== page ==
In my deepest soul, I’m a wild trout guy. I’ve spent a good portion of my life supporting, pursuing and defending wild trout and the precious habitats where they thrive. It’s no secret that without vigorous activism, these places might vanish leaving even the hard cases pursuing liver pellet-fed hatchery rejects in cement-lined canals. OK, maybe it wouldn’t really be that bad, but giving up those wild places and selective fish would mean losing something of incalculable value; something that’s become a part of me.
But on the way toward making the world better for wild trout and anglers, what’s wrong with also opening up more angling opportunities in places not formerly open to the public? I got to witness first-hand some of the back-breaking work The Fly Shop has put into enhancing or creating these fishing opportunities, and it isn’t easy. Neither is the fishing. There are other private fly fishing programs and venues in Northern California that may also be worth checking out. If they are run half as well as The Fly Shop’s private ranches, then they must be an asset to fly fishing.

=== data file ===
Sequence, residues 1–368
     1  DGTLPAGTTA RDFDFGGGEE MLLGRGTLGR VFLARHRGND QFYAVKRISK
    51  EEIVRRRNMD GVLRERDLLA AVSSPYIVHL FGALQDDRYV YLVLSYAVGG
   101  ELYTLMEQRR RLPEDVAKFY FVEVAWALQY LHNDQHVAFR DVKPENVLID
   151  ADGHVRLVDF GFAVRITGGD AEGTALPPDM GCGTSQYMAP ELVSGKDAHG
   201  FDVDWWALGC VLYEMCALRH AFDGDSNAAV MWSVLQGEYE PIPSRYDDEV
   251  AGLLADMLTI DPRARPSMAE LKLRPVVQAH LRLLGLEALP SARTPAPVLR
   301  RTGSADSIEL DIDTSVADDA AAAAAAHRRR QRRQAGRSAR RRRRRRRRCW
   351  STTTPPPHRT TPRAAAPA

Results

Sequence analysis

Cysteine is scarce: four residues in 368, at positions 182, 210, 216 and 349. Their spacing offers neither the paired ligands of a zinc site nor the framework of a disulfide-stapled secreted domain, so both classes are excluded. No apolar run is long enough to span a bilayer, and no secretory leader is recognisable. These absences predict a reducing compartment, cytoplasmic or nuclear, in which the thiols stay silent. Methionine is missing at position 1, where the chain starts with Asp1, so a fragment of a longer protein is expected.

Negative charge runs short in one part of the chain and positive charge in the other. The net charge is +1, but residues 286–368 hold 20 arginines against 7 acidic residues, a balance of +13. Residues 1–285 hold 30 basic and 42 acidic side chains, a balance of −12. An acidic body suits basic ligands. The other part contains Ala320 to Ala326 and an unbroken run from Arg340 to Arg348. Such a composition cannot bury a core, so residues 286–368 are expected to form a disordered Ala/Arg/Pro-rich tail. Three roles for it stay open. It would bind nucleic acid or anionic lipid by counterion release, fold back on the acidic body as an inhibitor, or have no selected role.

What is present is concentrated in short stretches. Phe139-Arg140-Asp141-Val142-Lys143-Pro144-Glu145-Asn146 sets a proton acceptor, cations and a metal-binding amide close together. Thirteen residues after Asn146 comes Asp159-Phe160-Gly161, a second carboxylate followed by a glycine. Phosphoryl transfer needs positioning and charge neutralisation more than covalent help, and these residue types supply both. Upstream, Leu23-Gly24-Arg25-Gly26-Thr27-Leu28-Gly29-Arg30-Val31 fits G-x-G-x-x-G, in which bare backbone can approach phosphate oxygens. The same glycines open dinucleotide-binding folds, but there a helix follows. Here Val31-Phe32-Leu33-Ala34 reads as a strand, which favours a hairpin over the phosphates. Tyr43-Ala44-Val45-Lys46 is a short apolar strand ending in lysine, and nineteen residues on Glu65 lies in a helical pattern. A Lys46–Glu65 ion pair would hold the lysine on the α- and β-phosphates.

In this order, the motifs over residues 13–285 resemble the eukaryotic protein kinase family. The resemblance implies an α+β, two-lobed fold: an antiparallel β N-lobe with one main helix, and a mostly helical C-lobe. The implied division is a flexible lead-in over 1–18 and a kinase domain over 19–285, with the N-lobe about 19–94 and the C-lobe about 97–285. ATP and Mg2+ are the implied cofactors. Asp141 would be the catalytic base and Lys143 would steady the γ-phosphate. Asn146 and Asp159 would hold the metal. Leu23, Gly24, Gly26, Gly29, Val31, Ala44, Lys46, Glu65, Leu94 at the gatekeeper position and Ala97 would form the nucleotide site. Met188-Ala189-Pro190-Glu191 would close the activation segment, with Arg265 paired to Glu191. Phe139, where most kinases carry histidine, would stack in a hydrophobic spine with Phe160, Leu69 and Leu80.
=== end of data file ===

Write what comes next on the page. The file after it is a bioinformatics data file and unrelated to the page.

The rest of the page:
So the problem was me, but at least I can admit it. The next time you are inclined to make judgements about things before getting all the facts, well, there’s always politics.
Chip O’Brien is a regular contributor to California Fly Fisher and Northwest Fly Fishing magazines, and author of River Journal, Sacramento River and California’s Best Fly Fishing: Premier Streams and Rivers from Northern California to the Eastern Sierra. He lived in Redding, California, for eighteen years, where he was a guide, teacher, and regional manager for CalTrout.